2011 Hyundai Equus Signature: Roadtrip Report
December 12, 2011
Over the weekend I took our longterm 2011 Hyundai Equus from Los Angeles to Santa Cruz and then on to Emeryville in the Bay Area. In total I covered 834 miles, making it the longest trip I've yet taken in this big ground-pounder.
Like all cars, the Equus isn't perfect. Its combination of size, silence, price and features is remarkable, but it hasn't yet fully nailed the details of the luxury car experience.
Observations (and trip fuel economy) after the jump.
Long trips like this one involve lots of cruise control use. I've previously gone on the record as not being a fan of the adaptive function of the Equus' cruise control system.
On this trip I found another aspect of the Equus' cruise about which to gripe -- it slows you down when the freeway turns. It goes like this -- if the car detects an arc in the freeway (via the stability control system's lateral accelerometer), it shaves your set speed. The higher the g-level, the more it trims your speed.
The idea behind this "feature" is to protect you from, apparently, ever experiencing any lateral g force. Unfortunately, freeways turn, yet I still want to cruise at the speed that I set. That's why I set that speed.
There are other cars that have a similar speed-trimming function, but the Equus' is easily the most conservative I've driven. Even the gentlest curve in the road results in a downward speed adjustment. Like the adaptive function, it needs an off button. Just go the damn speed I told you to go.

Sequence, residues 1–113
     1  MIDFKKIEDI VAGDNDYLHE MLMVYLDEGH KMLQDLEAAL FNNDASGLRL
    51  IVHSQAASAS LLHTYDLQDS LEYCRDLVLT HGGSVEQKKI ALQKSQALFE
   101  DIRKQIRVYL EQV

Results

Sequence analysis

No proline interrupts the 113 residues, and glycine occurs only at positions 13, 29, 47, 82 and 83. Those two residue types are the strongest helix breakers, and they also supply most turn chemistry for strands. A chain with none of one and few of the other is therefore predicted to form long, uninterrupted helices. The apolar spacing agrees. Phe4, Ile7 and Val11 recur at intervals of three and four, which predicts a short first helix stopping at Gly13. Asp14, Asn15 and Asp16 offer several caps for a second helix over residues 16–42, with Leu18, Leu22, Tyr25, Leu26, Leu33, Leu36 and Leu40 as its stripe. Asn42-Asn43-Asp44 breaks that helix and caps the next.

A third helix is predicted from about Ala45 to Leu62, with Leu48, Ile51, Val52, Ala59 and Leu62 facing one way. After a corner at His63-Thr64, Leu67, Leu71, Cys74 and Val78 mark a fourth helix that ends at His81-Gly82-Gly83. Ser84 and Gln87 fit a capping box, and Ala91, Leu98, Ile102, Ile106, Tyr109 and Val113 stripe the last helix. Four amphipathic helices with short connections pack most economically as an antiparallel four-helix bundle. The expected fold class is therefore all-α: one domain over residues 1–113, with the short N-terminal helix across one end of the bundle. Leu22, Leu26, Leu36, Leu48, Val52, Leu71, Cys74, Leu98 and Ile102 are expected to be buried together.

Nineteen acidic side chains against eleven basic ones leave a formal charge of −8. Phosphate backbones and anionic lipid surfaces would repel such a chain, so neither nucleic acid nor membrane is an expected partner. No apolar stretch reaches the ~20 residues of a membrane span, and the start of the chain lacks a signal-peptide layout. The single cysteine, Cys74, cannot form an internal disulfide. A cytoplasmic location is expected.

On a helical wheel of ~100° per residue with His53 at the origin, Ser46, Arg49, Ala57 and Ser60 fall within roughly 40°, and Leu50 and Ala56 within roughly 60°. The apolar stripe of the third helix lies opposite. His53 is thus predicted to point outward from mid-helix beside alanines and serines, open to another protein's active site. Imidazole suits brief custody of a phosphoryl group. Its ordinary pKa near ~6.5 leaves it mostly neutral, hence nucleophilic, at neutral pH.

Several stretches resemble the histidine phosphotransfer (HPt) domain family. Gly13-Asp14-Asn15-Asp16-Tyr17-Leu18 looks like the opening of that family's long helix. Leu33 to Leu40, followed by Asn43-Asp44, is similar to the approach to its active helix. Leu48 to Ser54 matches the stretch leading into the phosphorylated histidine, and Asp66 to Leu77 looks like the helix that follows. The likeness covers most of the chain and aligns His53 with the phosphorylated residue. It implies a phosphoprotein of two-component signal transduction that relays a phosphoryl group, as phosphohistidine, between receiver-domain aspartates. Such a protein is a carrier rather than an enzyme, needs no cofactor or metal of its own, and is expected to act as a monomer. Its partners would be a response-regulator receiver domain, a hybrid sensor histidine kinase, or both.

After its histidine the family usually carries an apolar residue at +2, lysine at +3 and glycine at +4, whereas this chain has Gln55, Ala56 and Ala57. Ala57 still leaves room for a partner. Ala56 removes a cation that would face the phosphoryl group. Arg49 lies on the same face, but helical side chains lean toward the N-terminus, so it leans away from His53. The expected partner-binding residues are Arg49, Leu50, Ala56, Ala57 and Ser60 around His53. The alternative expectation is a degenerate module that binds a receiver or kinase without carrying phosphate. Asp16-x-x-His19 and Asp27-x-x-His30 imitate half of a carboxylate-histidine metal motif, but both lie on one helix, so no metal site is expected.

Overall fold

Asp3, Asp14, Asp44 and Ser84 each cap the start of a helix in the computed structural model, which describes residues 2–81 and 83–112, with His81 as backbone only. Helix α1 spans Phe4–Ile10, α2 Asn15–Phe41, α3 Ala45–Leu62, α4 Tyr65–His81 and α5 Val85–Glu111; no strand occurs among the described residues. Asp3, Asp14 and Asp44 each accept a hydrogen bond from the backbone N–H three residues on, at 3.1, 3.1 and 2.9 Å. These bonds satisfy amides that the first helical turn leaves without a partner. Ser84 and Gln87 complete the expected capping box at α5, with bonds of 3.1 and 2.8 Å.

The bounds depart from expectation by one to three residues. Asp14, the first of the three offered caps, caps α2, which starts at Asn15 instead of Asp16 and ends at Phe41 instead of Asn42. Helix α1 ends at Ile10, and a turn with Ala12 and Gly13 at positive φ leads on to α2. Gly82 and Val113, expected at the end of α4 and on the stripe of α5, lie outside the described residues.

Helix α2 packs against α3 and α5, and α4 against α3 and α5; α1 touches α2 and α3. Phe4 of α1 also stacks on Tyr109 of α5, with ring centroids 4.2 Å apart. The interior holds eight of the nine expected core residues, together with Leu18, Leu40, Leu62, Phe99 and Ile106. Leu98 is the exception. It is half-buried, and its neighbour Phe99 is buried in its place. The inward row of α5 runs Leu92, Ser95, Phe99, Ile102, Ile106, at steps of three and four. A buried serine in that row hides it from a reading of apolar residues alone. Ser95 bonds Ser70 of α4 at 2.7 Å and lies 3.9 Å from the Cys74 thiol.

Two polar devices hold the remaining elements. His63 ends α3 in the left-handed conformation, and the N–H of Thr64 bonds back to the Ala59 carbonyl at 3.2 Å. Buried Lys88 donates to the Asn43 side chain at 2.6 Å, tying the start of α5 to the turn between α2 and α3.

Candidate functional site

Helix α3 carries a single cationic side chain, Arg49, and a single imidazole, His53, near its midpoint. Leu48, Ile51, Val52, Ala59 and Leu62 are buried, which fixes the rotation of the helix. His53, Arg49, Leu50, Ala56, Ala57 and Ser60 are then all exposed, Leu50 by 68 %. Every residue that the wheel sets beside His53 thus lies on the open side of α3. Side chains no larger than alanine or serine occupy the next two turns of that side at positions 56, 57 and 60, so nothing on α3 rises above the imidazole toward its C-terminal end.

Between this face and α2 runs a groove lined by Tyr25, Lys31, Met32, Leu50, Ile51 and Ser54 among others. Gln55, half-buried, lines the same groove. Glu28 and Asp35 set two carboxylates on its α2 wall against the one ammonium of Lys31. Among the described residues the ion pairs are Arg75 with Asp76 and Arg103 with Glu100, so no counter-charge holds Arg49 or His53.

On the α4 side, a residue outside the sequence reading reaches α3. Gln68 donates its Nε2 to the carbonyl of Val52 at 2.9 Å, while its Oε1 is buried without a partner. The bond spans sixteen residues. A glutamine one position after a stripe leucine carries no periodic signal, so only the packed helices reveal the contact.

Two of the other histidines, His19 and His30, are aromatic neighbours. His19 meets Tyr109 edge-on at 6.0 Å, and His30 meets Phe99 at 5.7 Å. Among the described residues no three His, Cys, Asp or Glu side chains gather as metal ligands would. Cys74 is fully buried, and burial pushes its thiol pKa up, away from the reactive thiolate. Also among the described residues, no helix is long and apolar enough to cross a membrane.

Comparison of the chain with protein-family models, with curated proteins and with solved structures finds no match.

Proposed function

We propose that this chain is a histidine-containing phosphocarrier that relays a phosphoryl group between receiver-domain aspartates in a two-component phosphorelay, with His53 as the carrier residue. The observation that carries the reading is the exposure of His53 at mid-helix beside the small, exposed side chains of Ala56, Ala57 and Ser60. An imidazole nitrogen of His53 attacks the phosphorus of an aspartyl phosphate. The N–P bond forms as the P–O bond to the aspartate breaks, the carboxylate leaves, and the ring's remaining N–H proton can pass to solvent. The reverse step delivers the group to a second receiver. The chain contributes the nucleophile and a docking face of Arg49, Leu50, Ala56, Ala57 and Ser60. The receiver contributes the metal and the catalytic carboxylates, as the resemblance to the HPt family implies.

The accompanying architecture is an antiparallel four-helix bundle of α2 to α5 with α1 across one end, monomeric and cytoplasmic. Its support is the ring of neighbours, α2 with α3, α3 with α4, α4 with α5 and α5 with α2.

Beyond that, the Equus' huge, huge chairs front and rear drew lots of praise from my passengers. Heated rear seats that recline, and more than enough leg- and headroom for 6'3" dudes? Talk about luxury.
The path to Emeryville from Santa Cruz involves many twisting roads and freeways, some of which are somewhat bumpy. The Equus is definitely not at home on these roads, but probably not for the reason you think. Despite its size -- and it is colossal -- it actually doesn't feel as ponderous as its dimensions suggest since the steering is pretty quick. Instead, it's the steering's lack of feel coupled to laggardly throttle response and a discombobulated ride quality that gives the Equus fits here. The air suspension just isn't up to the task of dealing with managing roll angles while also absorbing bumps. Also, bump steer. Bump steer! In a luxury car! Weird.
One thing about quiet cars is that the smallest non-quiet thing is more easily noticed. There's a wind rustle from the passenger A-pillar area that was observed on both legs of the trip. Could be the mirror, too. Anyway, it stood out, so I figured I'd mention it.
Total trip fuel economy (mostly freeway; 80-ish mph cruise, very light cargo): 21.1 mpg
Jason Kavanagh, Engineering Editor @ 17,949 miles.